There is a severe drought in the Houston area and while I did expect it to be dry, I did not expect it to be this dry. Houston, at first impression, reminds me a great deal of Phoenix. Although there are areas of towers giving portions of the city a metropolitan feel, the majority of it seems to be low and sprawling.
If there is a trademark of Houston highrise architecture, it is the use of reflective glass used to help keep at bay the harsh, hot, glaring, Texas sun. The tallest building in the city is an impressive black pillar with setbacks near it's pinnacle and grooved sides which make the building appear to morph as the sun and shadows play off of it's ebony glass facade.
After settling in and catching up, my hosts and I go to dinner at a local Mexican restaurant. As Texas has a large Mexican population and a long historical relationship, both friendly and unfriendly, with Mexico,the food is excellent. I have my first experience with a spinach burrito. We also share a shrimp cocktail with avocado, tomato and cilantro which I will attempt to recreate when I get back home.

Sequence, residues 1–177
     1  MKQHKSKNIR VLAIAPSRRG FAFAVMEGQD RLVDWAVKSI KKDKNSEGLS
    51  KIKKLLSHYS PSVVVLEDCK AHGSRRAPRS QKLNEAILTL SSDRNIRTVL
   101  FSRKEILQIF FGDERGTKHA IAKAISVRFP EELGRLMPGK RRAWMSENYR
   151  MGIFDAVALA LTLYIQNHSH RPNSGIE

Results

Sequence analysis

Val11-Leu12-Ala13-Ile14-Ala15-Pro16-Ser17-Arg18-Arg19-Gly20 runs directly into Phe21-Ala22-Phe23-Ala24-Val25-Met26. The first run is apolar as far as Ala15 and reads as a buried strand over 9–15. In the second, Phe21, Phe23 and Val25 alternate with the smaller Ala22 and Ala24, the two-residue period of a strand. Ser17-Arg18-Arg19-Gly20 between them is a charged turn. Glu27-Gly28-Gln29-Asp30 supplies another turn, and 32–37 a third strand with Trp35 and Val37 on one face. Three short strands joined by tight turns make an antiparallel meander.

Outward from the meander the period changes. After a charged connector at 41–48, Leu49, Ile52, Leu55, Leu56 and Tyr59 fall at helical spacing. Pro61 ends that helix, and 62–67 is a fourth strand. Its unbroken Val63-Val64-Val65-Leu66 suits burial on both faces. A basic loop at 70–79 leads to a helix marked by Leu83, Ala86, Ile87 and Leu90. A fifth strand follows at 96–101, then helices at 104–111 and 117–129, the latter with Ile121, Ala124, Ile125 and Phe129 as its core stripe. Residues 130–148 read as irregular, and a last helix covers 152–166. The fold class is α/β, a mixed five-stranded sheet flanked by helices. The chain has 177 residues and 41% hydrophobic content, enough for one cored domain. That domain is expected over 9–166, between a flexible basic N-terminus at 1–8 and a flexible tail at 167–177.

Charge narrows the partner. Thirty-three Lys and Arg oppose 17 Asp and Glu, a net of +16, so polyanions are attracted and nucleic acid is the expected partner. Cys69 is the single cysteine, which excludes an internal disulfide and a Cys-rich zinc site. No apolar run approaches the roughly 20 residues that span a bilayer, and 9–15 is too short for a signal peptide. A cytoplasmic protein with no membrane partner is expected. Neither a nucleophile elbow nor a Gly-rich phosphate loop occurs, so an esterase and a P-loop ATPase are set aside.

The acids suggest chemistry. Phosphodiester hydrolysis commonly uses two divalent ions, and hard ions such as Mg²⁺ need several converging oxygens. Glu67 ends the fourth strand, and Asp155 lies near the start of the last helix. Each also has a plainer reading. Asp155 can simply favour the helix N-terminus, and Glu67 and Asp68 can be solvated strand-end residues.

We return to the house with a close friend of my hosts and relax and converse in their beautifully appointed screened porch. It is a comfortable space of deep cushioned rattan chairs and is accented with African animal print pillows and fabrics. It's walls are composed of screened panels and salvaged windows and shutters. Large tropical plants rest under plexiglass ceiling panels that line the outer edge of the room allowing light to enter and giving you the feeling that you are outdoors even though there is a roof over your head. The light evening breeze flows through the screens as we enjoy champagne garnished with chambord before retiring for the night.